Lucky Mag Grows Online Community With Eye on Sponsorship Ops
User-generated platform blends content, advertising and data.
“When we think about the Lucky Community, we think of it as a 360-degree program,” says Maura Randall, the brand’s digital managing director. “These women also appear in our print magazine, which is our core piece and their content appears across LuckyMag.com. It’s a very integrated approach.”
Lucky launched its online community in September using the Tid.al platform, which has allowed the brand to not only generate hundreds, if not thousands of contributor posts everyday, but also support some of its key advertising partners.
When a contributor signs up for the Lucky Community, the Tid.al platform builds a profile of them, which incorporates several touch points. The platform actually learns about what people are writing and what their sphere of influence is, and from there it begins to build a profile of them as a contributor and all the content they’re creating—either originally through the community or on their own blogs. When a user first registers they attach their Facebook, Twitter and blog and Tid.al begins parsing all the content they’re creating and pulling it into their system and analyzing it.
“We organize the content areas, and certainly the contributors do it as well, into several different topic areas—topics that are meaningful to our community and to our readers,” says Randall.
One way the community is segmented is through brands. If a user posts about clothing retailer Forever 21, for example, either on the community or their own blog, the system pulls it into the brand tab—giving Forever 21 a prepopulated page of content featuring their products. Tid.al uses data to feed content with posts that are relevant to the community on any number of topics. When Lucky is in talks with Forever 21, they can mention that they’ve had 6,000 posts submitted about the brand.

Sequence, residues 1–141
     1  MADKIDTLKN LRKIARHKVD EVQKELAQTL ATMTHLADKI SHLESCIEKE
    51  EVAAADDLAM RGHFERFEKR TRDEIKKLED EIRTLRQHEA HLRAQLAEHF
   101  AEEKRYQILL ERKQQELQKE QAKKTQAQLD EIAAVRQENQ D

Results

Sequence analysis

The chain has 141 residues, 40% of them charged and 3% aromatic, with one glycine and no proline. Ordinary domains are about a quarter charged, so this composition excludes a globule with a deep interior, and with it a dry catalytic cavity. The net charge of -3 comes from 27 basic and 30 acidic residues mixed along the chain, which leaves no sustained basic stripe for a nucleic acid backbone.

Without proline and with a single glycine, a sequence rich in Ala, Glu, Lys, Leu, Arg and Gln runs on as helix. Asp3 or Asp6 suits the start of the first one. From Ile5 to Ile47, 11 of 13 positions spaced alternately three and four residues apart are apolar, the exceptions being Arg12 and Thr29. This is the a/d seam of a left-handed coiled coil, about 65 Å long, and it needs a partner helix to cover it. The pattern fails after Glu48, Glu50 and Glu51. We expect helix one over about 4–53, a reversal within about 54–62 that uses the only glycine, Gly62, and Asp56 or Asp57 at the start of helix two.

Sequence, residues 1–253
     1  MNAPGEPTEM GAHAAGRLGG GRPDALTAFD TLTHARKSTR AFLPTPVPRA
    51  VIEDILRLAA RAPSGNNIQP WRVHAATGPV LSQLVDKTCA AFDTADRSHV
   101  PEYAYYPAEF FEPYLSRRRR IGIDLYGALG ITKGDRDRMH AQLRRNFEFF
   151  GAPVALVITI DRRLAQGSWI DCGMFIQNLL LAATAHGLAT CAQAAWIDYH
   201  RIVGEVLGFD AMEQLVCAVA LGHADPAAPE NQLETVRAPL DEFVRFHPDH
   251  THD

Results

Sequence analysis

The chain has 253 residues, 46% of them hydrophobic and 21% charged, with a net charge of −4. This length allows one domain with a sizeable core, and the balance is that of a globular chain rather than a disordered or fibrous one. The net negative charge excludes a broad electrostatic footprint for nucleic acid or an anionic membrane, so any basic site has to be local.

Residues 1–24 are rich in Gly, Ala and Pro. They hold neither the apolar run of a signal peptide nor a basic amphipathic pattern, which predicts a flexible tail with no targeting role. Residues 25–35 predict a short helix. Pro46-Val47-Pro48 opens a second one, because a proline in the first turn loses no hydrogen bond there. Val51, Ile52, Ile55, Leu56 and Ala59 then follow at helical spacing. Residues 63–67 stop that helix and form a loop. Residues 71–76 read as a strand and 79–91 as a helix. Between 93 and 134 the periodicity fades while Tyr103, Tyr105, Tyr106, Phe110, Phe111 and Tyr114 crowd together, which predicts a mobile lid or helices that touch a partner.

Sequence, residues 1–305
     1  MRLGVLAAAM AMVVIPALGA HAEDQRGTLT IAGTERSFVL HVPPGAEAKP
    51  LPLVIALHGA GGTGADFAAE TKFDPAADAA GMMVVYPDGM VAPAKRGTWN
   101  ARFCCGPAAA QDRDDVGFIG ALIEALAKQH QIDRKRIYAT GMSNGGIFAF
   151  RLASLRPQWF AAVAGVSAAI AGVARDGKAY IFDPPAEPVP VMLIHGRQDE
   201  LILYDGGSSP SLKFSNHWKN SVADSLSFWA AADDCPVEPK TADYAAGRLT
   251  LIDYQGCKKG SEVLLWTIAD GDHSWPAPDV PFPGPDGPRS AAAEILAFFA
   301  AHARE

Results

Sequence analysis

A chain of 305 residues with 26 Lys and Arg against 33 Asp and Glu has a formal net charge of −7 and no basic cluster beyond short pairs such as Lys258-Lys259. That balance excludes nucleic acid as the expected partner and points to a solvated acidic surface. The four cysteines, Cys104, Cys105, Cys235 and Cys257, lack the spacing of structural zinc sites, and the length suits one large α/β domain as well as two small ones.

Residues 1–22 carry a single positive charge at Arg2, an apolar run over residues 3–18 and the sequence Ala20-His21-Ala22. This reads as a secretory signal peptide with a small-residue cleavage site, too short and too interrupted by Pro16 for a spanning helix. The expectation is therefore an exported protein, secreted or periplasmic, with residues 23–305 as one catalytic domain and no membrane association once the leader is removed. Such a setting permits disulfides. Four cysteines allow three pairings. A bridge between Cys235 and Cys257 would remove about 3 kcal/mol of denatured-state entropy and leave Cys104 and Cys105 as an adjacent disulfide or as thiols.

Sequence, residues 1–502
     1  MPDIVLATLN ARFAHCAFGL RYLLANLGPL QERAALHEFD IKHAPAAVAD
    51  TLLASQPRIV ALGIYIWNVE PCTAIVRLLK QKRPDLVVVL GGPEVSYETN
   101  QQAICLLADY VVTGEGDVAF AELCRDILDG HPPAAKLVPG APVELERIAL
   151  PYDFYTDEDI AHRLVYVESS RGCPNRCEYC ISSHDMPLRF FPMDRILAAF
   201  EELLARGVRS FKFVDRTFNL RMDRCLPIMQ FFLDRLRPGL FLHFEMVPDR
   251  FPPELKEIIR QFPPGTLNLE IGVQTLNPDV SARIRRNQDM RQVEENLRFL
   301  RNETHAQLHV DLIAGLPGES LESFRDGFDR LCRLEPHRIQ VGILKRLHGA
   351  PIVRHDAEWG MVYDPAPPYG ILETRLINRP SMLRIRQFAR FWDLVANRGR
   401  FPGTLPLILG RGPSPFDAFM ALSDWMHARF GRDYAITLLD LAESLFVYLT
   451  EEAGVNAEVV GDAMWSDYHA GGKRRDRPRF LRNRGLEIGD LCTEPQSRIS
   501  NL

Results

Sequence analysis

“When you can contextually place an advertiser’s message, the performance just skyrockets when compared to a run of site program,” says Randall. “These are really appealing because they provide a specific message that we know will resonate with the audience.”
Contributors can win badges and get the chance to enter contests and be engaged directly with the magazine. Lucky can then fold that into programs they potentially sell as well.
“When we launched the Lucky Style Collective, contributors were hand picked and we published what we really believed in editorially,” says John Jannuzzi, Lucky’s contributing digital editor. “We worked with them on content sharing, promoting them in the magazine and website and they are also a member of an ad network through us. We saw such success and enthusiasm on their end with the Style Collective that the community and technology that Tid.al has lets us amplify it to a whole new level. With the community, if you have something you’d like to share about your outfit, a makeup tip or shopping tip, it’s a place where anyone can come to do that.”
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Lucky works together with Tid.al to determine which brands would be best and aligned with their editorial message and mission of the site and community. From there Tid.al creates pin board type pages—if Lucky has a prospect or client that wanted to get involved, the platform could incorporate new brands. Additionally, posts from contributors link directly back to brand websites where users can directly purchase goods.
“Certain brands and advertisers have an affinity to the topics that these women are passionate for and this platform provides them a way to add their own advertorial content but also rich media and other advertising elements to the topic and sort of sponsor that conversation,” says Randall. “For our users, the brands that Lucky features and the content, opinions and products from contributors provides meaningful content to the user.”